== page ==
There is a lot of work that goes into being undead. Of course, before obtaining this status you have to die first; no small feat in and of itself, but that’s the price that needs to be paid if you want to be a zombie. Earlier this year I got the chance to scratch off one more thing on my bucket list when I got the call to be an extra in a friend’s zombie movie.
Actually, it was a text message.
I’ve always wanted to see my name rolling in the credits on the big screen. I’ve also wanted to spend a day as a zombie and live to tell about it (I mean, who hasn’t?), so when director Nathan Blackwell contacted me about helping him out on his next project, I immediately started getting giddy at the idea. But I wasn’t entirely beside myself until I found out I would be a zombie.
“Sure, but I don’t have any acting experience,” I remember saying. None was needed.
The movie is called “Zombie Team Building” and was made for the 2010 Almost Famous 48 Hour Film Challenge, in which directors and their teams were given 48 hours to write, shoot and edit a five-minute film that needed to include the theme of a white lie, a mirror as a prop and the line of dialogue, “What just happened?” The movie revolved around a group of co-workers sent by their employer to the “ultimate corporate team-building experience,” in which they must ward off an onslaught of zombies. I was a part of the zombie horde.
While I didn’t actually have to die to become one of the undead, I did have to endure an hour of makeup. There were 14 zombie extras in all and no two zombies looked the same. I showed up on set around noon to allow for ample time to get into character and find my motivation. My artist started by giving me a nice gray base with hints of yellow and red for that freshly dead look. Then came three bloody claw marks across the right side of my face followed by a bloody nose and tears to give me that recently mauled effect. I was initially concerned that the hardest part of the whole process would be remaining still during the makeup process, but fighting the urge to scratch any itch on my face turned out to be the most challenging thing. Eating also proved troubling, but when you have to crack through skulls to get to brains, you can expect some level of difficulty. OK, fine, we ate Taco Bell, but I think some of that “meat” could contain brain at some point.
And then I waited.
I didn’t actually start shooting a scene until about 8 p.m. Shooting called for zombies sparingly throughout the day, but we got a lot more action during the evening. Some of the time waiting was used to practice various guttural grunts and snarls as well as walking with stiff joints and constantly reminding myself, “I want brains, I want brains, I want brains.” When you dig on zombie movies like I do, acting like a zombie ends up being a little easier.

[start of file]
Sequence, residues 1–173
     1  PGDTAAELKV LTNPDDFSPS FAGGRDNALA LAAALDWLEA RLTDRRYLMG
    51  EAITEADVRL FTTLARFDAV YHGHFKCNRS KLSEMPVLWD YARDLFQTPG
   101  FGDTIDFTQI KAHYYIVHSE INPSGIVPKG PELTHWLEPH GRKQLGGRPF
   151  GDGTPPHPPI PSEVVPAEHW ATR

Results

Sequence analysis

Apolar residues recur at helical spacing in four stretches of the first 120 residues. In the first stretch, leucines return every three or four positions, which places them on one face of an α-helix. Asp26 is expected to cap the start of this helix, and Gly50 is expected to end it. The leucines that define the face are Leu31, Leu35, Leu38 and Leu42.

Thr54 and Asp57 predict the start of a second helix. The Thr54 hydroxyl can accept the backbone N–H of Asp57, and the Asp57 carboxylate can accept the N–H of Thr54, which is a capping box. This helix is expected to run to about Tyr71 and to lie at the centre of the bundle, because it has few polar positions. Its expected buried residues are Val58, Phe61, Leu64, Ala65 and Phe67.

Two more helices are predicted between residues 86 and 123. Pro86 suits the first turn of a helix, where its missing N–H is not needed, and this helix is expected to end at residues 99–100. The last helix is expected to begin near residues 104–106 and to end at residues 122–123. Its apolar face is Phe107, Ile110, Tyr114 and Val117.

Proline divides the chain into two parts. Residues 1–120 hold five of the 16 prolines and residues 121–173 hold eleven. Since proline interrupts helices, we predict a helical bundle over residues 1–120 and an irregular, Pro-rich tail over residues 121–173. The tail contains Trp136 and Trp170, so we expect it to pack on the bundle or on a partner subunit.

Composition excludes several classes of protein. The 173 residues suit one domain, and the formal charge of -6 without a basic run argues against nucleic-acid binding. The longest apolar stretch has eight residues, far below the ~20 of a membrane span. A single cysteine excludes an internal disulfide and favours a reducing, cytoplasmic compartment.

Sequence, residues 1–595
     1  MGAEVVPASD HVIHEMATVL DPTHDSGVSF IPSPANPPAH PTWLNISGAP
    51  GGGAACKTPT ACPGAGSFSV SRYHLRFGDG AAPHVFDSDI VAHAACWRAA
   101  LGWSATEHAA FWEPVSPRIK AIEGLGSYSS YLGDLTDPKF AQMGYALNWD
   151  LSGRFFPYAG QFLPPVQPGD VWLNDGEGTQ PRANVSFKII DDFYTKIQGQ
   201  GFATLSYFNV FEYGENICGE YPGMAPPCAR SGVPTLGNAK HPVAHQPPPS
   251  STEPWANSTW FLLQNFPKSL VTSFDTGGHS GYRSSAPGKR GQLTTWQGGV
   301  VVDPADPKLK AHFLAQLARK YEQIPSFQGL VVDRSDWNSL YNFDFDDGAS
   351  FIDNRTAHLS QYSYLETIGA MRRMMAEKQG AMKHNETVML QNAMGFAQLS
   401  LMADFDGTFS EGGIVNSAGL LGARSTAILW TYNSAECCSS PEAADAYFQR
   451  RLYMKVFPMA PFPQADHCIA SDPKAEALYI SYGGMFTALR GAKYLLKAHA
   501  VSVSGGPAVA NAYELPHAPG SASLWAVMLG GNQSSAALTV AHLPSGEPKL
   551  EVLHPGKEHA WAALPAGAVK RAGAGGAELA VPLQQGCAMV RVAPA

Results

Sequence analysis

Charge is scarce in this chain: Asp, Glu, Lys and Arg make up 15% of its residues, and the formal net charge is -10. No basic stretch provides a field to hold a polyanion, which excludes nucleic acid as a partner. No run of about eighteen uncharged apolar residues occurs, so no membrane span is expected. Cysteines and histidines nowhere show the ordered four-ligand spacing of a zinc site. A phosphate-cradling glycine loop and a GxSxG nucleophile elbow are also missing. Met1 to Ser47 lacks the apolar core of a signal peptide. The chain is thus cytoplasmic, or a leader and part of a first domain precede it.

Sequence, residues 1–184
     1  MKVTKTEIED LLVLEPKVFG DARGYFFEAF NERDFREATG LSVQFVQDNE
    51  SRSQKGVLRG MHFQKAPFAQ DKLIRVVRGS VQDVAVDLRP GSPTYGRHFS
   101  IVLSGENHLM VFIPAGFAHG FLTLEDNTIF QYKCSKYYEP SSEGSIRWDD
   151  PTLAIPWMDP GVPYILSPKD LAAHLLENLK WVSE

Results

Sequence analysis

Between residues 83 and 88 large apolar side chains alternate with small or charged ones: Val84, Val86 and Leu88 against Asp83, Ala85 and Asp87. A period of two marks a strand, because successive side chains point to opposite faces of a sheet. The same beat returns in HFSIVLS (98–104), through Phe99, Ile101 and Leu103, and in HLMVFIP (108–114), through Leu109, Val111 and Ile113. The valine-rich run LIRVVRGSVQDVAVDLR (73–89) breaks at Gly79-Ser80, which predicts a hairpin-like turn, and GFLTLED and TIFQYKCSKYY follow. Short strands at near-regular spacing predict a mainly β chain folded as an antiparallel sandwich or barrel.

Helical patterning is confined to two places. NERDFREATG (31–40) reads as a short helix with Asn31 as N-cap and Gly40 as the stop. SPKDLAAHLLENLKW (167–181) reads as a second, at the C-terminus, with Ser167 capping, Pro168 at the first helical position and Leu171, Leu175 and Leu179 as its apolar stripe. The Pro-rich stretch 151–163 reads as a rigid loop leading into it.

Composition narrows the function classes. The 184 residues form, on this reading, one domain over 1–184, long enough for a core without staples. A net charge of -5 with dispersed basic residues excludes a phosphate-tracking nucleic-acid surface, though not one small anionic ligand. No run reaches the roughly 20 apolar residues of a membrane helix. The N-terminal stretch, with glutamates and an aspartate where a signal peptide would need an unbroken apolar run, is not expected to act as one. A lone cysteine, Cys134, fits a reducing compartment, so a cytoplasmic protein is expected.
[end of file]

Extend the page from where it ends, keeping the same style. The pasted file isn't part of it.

My very first scene tested my acting prowess. The zombie horde gathered to film the opening shot of the movie, where all 14 zombies converge on the heroes only to be gunned down one-by-one. Now dying isn’t as easy as you might think. First we had to make sure we actually dropped at the end of a gunshot. After all, it would look kind of silly if a zombie dropped dead while no one was aiming at them. Secondly, these shots were not caught in one take, so we had to make sure we fell in the same manner and position as in the previous takes. Lastly, you have to make sure you don’t mangle anyone else on your way down because, contrary to popular belief, zombies have feelings too.
I must have died at least 30 times that night and I enjoyed it every single time. I have about eight seconds of actual screen time in all, but I think I made the most of it. Not only had I made my celluloid debut, but I did it as a mohawked zombie. I also made a point to stay in my makeup for as long as possible.
We wrapped up shooting close to midnight that night when I got a call from a friend to grab a drink at the local watering hole. On my way to the bar, one of Phoenix’s finest pulled me over for driving with two different plates showing. (At the time my tags had expired and I was driving around with one of those 3-day passes.) I couldn’t wait for the officer to ask me, “Where are you coming from?”
“Oh, I was just filming a zombie movie,” I said. The officer shined his bright Maglite in my face and said, “Neat makeup.” Since I had my temporary pass I was free to go without a citation.
I continued my shenanigans once I got into the bar. After incessantly being called a dork by my friend for not going home to wash the makeup off first, I told various stories about how I got my injuries. The bartender asked me, “What happened?”
“I fell off my bike, does it look bad?”
“Zombie Team Building” went on to win first place comedy at the film challenge. Since then the movie has been made into a 10-minute film and was played at the International Horror & Sci-Fi Film Festival in Tempe on Saturday, Oct. 16.
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